Let's get there sooner
Politicians and investors in third world countries have long said it's hard to reduce the emissions that are warming the planet because they need to use relatively inexpensive, but carbon-intensive fuels like coal to keep energy affordable. That argument is losing validity as the price of renewable energy from wind and solar continue to fall.
Last year, for the first time, renewables accounted for a majority of new electricity-generating capacity added around the world, according to a recent United Nations report. More than half the $286 billion invested in wind, solar and other renewables occurred in emerging markets like China, India and Brazil.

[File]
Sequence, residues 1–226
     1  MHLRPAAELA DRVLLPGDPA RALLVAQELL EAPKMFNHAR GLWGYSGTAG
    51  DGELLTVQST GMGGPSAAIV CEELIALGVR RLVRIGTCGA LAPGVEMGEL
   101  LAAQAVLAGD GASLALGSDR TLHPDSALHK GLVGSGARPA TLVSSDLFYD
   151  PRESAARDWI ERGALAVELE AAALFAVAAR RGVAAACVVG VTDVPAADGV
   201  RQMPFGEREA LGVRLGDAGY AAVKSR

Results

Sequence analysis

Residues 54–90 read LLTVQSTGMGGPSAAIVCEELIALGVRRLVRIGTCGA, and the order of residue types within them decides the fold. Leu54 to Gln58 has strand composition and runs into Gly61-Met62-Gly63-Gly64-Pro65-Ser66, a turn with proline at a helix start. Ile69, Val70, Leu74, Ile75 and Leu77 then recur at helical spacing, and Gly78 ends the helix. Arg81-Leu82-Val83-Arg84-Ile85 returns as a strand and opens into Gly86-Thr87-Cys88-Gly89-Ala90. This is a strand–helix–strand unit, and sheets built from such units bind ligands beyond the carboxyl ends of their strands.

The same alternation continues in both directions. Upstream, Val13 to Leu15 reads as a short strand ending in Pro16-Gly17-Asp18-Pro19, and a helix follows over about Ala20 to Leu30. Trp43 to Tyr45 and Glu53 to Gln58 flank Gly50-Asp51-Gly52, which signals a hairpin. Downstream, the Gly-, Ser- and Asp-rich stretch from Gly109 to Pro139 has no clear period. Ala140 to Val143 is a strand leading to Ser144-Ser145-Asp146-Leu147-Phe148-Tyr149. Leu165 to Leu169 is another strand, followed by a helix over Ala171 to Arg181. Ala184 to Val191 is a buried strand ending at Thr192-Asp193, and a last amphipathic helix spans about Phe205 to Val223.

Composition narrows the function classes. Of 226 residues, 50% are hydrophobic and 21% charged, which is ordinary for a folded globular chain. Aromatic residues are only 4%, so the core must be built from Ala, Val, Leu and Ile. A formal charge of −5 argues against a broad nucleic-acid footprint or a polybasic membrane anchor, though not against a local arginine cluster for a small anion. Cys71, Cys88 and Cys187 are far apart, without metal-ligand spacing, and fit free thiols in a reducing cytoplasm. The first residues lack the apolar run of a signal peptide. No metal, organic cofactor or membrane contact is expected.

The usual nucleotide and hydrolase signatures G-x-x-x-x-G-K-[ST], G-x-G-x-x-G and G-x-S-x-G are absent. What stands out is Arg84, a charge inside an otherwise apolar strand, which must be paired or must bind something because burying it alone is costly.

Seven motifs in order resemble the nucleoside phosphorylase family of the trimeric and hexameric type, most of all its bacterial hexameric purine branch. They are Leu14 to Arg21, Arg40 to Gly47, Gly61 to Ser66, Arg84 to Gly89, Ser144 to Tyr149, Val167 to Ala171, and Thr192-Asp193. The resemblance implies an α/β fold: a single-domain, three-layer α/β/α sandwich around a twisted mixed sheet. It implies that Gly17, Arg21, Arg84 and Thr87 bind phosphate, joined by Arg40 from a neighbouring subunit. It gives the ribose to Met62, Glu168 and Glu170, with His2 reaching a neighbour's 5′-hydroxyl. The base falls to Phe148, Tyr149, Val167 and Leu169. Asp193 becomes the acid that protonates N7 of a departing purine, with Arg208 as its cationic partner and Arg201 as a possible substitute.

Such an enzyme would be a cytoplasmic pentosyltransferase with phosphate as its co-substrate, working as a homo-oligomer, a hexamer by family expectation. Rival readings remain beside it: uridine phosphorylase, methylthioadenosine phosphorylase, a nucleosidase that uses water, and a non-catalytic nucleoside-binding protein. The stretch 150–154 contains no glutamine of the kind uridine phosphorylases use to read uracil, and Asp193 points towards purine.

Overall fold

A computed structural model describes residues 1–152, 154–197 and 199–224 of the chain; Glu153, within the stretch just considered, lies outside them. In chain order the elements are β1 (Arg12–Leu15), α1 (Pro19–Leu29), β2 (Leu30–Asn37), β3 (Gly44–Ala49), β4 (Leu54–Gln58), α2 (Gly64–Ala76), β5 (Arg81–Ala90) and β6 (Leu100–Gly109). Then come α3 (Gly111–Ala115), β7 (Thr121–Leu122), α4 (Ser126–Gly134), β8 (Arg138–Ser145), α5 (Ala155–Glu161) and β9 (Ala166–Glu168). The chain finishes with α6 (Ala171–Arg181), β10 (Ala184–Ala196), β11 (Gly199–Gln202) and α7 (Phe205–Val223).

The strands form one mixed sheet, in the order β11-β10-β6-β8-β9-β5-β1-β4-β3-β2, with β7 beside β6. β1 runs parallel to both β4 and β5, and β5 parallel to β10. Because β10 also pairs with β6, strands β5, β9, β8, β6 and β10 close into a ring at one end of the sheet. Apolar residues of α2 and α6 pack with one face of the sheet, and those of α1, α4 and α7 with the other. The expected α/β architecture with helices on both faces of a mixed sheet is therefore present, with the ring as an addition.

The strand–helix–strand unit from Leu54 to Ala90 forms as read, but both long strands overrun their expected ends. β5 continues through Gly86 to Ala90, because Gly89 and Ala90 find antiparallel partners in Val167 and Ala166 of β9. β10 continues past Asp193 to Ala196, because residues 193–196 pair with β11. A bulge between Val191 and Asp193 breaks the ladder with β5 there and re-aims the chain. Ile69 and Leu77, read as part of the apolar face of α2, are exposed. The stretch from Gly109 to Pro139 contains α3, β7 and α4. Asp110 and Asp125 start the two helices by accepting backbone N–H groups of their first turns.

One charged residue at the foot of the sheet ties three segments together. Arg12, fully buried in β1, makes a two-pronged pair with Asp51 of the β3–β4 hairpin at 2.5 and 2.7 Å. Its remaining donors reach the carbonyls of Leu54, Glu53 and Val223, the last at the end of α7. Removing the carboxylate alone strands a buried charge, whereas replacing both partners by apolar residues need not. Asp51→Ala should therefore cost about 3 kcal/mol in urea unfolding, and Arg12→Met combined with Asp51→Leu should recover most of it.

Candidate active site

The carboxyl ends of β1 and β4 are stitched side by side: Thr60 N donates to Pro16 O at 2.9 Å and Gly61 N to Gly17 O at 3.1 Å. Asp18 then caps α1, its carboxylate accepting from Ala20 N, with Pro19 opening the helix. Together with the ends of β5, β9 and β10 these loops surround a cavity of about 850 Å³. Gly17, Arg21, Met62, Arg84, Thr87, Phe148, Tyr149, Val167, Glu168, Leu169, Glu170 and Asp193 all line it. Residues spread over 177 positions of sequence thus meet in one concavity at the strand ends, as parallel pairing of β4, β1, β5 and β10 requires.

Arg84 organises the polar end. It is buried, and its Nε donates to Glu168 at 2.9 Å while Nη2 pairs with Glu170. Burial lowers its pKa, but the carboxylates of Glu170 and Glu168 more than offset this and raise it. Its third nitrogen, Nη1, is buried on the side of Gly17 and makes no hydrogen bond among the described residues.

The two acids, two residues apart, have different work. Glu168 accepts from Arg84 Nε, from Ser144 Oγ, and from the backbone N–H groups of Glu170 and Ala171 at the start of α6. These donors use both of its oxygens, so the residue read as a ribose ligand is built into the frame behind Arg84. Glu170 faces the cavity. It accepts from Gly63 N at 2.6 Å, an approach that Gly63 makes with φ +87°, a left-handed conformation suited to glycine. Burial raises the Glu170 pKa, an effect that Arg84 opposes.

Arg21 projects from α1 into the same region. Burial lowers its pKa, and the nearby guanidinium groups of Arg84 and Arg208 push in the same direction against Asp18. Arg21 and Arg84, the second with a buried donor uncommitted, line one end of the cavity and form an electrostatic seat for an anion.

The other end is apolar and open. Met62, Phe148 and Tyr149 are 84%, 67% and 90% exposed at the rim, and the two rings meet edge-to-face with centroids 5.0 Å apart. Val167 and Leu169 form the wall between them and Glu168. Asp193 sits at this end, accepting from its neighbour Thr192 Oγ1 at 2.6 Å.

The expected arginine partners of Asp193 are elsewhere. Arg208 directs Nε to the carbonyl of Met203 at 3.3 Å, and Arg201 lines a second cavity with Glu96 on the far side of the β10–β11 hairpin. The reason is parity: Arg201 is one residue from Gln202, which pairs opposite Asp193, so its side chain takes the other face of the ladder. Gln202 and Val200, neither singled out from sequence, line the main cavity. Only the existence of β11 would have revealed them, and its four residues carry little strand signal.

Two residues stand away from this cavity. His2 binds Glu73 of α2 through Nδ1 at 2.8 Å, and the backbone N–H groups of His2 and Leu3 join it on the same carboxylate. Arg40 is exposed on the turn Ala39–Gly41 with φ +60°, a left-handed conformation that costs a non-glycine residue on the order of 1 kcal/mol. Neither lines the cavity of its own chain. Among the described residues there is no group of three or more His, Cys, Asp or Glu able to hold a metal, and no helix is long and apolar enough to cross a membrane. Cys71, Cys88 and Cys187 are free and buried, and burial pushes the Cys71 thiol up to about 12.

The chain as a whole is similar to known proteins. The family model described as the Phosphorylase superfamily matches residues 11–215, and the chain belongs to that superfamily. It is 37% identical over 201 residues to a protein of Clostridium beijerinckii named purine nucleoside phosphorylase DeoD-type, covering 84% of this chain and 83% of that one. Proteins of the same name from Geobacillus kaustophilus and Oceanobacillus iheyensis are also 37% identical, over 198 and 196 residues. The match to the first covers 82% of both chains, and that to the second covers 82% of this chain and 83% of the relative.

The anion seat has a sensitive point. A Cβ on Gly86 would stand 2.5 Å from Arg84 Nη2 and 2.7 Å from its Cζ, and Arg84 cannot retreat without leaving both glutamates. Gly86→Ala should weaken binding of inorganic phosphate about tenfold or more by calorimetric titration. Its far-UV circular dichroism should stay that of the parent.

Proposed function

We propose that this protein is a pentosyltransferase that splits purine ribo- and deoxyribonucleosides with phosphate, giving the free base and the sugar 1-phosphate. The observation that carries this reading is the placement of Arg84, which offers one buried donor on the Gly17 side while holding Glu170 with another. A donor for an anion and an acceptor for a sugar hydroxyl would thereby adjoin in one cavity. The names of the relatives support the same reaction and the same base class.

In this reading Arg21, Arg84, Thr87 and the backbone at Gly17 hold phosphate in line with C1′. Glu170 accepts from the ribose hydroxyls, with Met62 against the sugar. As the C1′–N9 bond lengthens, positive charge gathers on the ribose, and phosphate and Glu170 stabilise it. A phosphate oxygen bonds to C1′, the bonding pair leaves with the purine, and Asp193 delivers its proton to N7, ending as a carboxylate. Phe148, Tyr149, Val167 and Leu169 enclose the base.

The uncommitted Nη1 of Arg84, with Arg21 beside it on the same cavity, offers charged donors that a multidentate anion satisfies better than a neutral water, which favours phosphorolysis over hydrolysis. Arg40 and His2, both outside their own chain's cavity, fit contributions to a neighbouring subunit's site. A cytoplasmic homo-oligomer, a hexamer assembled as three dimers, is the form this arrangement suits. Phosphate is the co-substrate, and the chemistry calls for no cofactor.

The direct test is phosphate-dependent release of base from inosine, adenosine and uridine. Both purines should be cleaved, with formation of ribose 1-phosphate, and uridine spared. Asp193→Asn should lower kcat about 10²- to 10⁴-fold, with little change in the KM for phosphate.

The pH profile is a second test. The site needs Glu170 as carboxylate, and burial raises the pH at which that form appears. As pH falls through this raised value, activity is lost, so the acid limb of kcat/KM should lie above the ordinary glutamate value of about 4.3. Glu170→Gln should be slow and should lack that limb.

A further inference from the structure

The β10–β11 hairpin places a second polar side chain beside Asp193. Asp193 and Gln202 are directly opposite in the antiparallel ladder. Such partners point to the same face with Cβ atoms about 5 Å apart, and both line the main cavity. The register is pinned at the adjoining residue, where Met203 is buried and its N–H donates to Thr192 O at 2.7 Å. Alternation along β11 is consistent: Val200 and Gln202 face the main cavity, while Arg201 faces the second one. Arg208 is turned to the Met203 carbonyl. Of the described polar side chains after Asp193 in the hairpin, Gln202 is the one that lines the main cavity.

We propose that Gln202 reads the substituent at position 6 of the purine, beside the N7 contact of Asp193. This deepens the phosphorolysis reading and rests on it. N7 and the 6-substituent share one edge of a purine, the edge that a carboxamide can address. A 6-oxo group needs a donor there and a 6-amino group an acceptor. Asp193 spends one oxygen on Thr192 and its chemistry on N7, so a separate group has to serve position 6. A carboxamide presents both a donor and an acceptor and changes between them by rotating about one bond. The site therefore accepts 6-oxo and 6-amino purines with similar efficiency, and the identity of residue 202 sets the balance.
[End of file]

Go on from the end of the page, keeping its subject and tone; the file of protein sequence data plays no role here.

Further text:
The average global cost of generating electricity from solar panels fell 61 percent between 2009 and 2015 and 14 percent for land-based wind turbines. In sunny parts of the world like India and Dubai, developers of solar farms have recently offered to sell electricity for less than half the global average price.
These are all good signs but the trend could and should be accelerated through greater use of tax incentives for investment in renewable energy and more tax disincentives for using fossil fuels.
The consequences of continuing our traditional use of fossil fuels are unacceptable.